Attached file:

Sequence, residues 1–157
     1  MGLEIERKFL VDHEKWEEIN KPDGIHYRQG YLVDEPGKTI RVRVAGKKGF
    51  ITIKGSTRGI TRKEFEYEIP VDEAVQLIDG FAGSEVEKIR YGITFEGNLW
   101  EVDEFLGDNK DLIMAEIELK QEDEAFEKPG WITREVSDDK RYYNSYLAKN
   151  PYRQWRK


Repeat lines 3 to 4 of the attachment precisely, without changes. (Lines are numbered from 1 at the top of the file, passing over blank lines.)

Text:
    51  ITIKGSTRGI TRKEFEYEIP VDEAVQLIDG FAGSEVEKIR YGITFEGNLW
   101  EVDEFLGDNK DLIMAEIELK QEDEAFEKPG WITREVSDDK RYYNSYLAKN